I think the correct word is dichotomy, but I had to look it up in the dictionary. It means when two parts are sharply opposed.
So it would be fair to say that a dichotomy exists between what I read, hear and see in our media and the regularly published political polls.
"Key has blown it" read one headline. "National self-destructing" said another.
The guts of the comments made under these strident headlines go along the lines of, "since the November elections John Key and his National Party seem to have gone down a path of sheer political madness".
"Their proposed partial asset sales, the deal-making with SkyCity, the ACC problems and the sale of the Crafar farms to a Chinese group, all spell political doom for this hapless Government."
Not so, say the polls. In fact, they have shown an increase in support for Mr Key and his merry band of politicians. This hapless Government now has more support than on election night. Obviously, the public likes strong and positive leadership and doesn't believe the media's interpretation of events.
So how can the press get it so wrong? Here I begin to tread carefully, for it is a writing sin to overgeneralise, but could it be that our reporters are hoping that Mr Key and his government have a serious pratfall?
My many years of experience with the media have taught me that, in general, most of them lean to the Left in their personal political persuasions. The job attracts that type of thinking, with a strong emphasis on social justice and a dismissal of capitalist necessities of day-to-day economics. Those who are professional put these leanings aside and publish what they consider is true and correct and do a fair job. Some just let all their prejudices hang out.
The relationship between politicians and journalists is a very delicate one. They both need each other to do their jobs properly. Both tread warily in each other's presence. I always felt journalists didn't like politicians and were envious of them.
I am aware of only two journalists who have become MPs: Fred Doidge in 1936 and Brendon Burns, who lost his Labour seat in the last general election.
Interestingly, in my time in that establishment, the members of the Press Gallery formed the strongest journalists' union in the country.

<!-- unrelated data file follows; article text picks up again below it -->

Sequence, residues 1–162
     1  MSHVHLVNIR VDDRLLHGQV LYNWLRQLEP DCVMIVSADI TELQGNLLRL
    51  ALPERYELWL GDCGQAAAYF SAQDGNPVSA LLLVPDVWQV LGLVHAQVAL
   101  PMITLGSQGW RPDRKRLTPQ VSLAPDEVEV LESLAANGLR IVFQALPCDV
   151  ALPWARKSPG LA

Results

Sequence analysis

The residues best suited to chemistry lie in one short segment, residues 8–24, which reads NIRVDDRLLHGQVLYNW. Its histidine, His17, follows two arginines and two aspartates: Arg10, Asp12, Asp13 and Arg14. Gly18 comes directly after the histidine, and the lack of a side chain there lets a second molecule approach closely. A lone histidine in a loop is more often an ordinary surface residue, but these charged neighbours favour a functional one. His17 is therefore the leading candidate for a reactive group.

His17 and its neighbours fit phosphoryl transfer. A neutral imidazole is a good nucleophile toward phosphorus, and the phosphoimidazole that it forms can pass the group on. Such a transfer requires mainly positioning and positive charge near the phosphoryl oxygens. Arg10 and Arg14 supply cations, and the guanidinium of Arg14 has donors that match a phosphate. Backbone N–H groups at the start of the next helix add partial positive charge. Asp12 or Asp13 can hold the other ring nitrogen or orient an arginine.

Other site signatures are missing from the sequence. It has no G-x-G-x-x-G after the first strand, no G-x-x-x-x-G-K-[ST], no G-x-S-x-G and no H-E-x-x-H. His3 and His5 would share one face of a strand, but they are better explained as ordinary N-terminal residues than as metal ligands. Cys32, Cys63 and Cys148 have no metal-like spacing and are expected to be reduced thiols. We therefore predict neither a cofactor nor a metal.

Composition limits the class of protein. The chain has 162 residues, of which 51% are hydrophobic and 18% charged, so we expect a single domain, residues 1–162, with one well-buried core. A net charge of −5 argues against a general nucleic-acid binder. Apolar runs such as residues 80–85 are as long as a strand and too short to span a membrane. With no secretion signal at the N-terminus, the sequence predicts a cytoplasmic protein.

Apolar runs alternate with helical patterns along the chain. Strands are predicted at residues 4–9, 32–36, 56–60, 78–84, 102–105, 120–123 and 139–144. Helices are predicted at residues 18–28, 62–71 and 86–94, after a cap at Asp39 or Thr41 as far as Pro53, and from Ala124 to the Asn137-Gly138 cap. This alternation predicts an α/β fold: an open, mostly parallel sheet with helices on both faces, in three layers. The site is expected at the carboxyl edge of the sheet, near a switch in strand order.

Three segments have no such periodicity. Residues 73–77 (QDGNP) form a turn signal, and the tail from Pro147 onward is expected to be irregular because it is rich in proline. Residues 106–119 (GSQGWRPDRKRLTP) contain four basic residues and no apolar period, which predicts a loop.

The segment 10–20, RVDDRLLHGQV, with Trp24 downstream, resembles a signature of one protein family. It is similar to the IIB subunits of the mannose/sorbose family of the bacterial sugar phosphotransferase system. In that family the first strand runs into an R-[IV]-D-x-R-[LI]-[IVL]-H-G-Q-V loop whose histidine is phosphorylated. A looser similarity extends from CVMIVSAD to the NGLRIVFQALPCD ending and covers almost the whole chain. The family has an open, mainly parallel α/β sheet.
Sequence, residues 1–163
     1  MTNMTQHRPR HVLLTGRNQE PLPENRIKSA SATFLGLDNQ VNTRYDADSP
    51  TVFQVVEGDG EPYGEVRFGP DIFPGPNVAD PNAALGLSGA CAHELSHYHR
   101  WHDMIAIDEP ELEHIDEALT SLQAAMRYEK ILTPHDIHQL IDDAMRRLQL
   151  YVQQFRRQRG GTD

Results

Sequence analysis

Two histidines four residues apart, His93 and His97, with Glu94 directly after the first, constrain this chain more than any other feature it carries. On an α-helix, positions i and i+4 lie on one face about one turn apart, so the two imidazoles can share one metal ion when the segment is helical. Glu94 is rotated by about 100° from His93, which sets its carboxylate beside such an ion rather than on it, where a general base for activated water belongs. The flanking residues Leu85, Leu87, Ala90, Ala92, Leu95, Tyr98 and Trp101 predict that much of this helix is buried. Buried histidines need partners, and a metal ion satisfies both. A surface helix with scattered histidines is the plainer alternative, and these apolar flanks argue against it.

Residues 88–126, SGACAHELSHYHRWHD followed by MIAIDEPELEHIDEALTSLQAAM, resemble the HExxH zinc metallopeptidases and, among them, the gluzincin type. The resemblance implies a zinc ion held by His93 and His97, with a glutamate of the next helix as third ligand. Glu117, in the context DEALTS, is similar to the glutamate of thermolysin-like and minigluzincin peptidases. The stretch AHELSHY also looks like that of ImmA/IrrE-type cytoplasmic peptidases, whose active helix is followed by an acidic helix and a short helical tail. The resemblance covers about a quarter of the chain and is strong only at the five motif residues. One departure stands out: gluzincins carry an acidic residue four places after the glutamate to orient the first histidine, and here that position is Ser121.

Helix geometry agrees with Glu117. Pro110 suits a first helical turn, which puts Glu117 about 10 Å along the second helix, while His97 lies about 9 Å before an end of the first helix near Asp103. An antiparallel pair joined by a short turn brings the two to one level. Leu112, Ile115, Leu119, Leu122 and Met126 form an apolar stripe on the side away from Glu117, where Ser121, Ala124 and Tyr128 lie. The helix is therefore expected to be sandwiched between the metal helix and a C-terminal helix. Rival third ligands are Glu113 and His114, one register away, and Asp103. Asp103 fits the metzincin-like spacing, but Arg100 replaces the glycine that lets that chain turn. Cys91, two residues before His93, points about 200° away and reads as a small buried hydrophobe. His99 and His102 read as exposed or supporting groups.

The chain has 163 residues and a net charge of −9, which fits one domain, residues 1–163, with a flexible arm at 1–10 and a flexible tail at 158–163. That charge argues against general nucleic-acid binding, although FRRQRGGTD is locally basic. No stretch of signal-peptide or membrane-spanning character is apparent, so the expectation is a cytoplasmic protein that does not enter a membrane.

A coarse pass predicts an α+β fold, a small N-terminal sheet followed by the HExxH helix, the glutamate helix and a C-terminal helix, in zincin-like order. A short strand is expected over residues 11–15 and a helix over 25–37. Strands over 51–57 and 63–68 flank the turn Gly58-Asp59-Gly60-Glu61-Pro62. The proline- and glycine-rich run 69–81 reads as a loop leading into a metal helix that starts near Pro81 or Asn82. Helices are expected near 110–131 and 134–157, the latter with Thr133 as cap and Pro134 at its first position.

So I think it would be fair to say that the re-election of Mr Key's Government was not greeted with overwhelming joy and elation at the bar in the Press Galleries lounge.
The reporting since that time has been continuously against the Government. It's as if the professional reins have been loosened. There is a feeling that the proper Opposition has not fired under its new leadership, leaving a void that some journalists have felt they should fill.
Our Fifth Estate is very powerful. While at present there is a dichotomy between what is reported and the polls, if the media are of a mind to attack Mr Key's Government over the next year or so, they will play a part in eroding its public support – they are that powerful.
Someone like Kim Hill with her three hours of interviewing Left-wing international personnel every Saturday morning has an ongoing effect on people's political views. It's a bit like Chinese torture: drip, drip, drip. She is the only woman I know who can consistently get me out of bed at 8am on Saturday.
Then on Sunday morning on National Radio we are gently badgered by former Labour MP Chris Laidlaw. He never pulls punches when the political Right gets in his way. Together, these two articulate and persuasive presenters are a concerted voice for the Left.
I've said it is dangerous to generalise and I should acknowledge some of the editorials that have been positive about the actions taken by Mr Key particularly over events such as the SkyCity deal, which has so much of an upside for New Zealanders.
Mr Key is a deal maker to the core and has been since I worked with him when he was a young foreign exchange dealer in a merchant bank in Wellington.
That can only be a positive for this country and I suspect that the public appreciate that and reflect their views in the polls.
- Waikato Times